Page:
FRANKFORT, Ky. (December 9, 2004) – Yellow school buses often seem to be the transportation of choice for visitors to the Kentucky Historical Society in downtown Frankfort. More than 35,000 visits were made by schoolchildren to the Society’s campus in downtown Frankfort during 2004. Public, private and home schools came from 104 counties.
Students and teachers choose from a variety of activities while visiting the Society’s Kentucky History Center, Old State Capitol or Kentucky Military History Museum—all within a three-block walking distance. Teachers often design their pupil’s visits based on the curriculum they are teaching in class. The Kentucky Historical Society offers programs about Kentucky pioneer life, nineteenth-century government, Kentucky soldiers, and women and slaves in antebellum Kentucky. Other programs allow children to make journals and work on writing prompts that they will use for creative writing exercises in their classrooms. Programs are designed to be age-specific and to connect to the core content. The Kentucky Historical Society also tailors programs to meet classes’ specific needs or interests.
“(It) is a wonderful educational/learning experience for all ages. We love our field trips to the area, “wrote one elementary teacher. “The scheduling is sensational. The personnel is very top rate. Thanks for a job well done.”
“We have preschoolers through high school students. No matter their age, a visit to the Kentucky Historical Society is a very active event,” notes Jennie Boyd, museum tour programs manager. “Programs and exhibits are designed to be interactive, with multimedia, items to touch, games to play and live museum theatre performances. With three buildings and often a half-dozen exhibits to choose among, students have a lot to do during their visits. Days are usually noisy, fast-paced and exciting when school groups visit. And we like it that way!”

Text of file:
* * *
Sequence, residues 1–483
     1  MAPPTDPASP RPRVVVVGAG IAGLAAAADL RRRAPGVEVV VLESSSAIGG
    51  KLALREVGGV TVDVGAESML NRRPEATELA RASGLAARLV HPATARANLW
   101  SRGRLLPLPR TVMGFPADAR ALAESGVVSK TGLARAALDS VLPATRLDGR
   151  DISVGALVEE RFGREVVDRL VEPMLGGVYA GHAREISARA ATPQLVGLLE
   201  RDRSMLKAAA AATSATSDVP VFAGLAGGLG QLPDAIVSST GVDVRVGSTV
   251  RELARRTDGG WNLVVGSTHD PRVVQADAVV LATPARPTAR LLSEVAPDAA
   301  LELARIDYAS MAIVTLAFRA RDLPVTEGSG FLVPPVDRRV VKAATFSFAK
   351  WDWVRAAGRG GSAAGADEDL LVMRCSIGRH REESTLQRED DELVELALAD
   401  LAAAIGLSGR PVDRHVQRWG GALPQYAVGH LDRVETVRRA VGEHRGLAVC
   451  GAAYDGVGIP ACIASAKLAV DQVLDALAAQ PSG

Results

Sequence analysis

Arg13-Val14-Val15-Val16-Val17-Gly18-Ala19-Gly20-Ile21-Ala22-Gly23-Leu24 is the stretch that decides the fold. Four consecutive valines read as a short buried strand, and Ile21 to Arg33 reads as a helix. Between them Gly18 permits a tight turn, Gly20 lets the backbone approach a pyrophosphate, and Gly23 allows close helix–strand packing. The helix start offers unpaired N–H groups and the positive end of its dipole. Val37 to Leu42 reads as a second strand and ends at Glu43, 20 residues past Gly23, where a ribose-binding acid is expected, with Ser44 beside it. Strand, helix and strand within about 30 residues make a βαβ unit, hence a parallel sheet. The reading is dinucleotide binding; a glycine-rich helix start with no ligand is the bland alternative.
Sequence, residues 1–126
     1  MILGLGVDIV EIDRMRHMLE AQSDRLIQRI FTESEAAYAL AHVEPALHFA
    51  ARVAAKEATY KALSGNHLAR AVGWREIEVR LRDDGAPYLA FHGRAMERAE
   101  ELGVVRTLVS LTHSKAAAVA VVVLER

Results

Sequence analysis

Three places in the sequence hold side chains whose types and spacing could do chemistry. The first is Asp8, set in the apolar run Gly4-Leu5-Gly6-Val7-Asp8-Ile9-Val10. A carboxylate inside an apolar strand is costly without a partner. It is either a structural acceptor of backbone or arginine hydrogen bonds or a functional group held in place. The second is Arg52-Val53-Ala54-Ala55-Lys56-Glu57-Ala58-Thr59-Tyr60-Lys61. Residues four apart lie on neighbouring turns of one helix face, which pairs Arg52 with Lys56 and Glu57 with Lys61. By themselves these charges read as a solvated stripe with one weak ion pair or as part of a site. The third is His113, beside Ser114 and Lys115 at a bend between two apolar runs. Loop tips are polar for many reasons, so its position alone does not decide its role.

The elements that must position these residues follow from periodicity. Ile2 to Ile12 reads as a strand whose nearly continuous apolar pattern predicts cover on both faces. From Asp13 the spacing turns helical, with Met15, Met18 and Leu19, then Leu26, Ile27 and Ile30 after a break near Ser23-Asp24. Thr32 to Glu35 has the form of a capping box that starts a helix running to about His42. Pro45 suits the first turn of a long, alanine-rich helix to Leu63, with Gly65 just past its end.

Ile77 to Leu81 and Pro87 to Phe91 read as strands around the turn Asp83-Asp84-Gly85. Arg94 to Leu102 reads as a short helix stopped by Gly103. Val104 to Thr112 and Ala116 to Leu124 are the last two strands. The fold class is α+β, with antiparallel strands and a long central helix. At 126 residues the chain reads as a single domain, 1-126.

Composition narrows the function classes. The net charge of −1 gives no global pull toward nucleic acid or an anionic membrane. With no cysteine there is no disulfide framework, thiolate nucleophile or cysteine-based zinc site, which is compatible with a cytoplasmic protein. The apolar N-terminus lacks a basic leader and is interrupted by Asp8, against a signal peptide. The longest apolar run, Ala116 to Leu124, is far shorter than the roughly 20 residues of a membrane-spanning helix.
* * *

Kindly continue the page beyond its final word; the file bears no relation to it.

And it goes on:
A Kentucky Journey, an exhibit that showcases 10,000 years of Kentucky history, and the current temporary exhibit, A River Runs Through Us, are featured at the Society’s Kentucky History Center. Just down the street, Kentucky’s Old State Capitol beckons those interested in classic architecture, legislative history and Kentucky’s early history. Overlooking the History Center and the Old State Capitol is the Kentucky Military History Museum which traces the trials and triumphs of Kentucky’s soldiers, including a current exhibit, Wild Blue Yonder, which features the history of Kentucky’s Air National Guard.
“There are some schools which schedule two trips a year to the Kentucky Historical Society in order to focus on what we have to offer. We are pleased to offer this wide variety of learning opportunities to the students and educators of the Commonwealth,” says Kent Whitworth, executive director of the Kentucky Historical Society.
Reservations for school groups are required. For more information contact Jennie Boyd, museum tour programs manager, 502-564-1792, extension 4424 or email@example.com.
The Kentucky Historical Society, since 1836, has provided connections to the past, perspective on the present, and inspiration for the future. KHS operates the Old State Capitol, Kentucky Military History Museum and its five-year-old headquarters, the Kentucky History Center. Since 1999, the thirty-million-dollar History Center has welcomed almost one million visitors. For more information about the Kentucky Historical Society and its programs, visit the Web at http://history.ky.gov or call (502) 564-1792.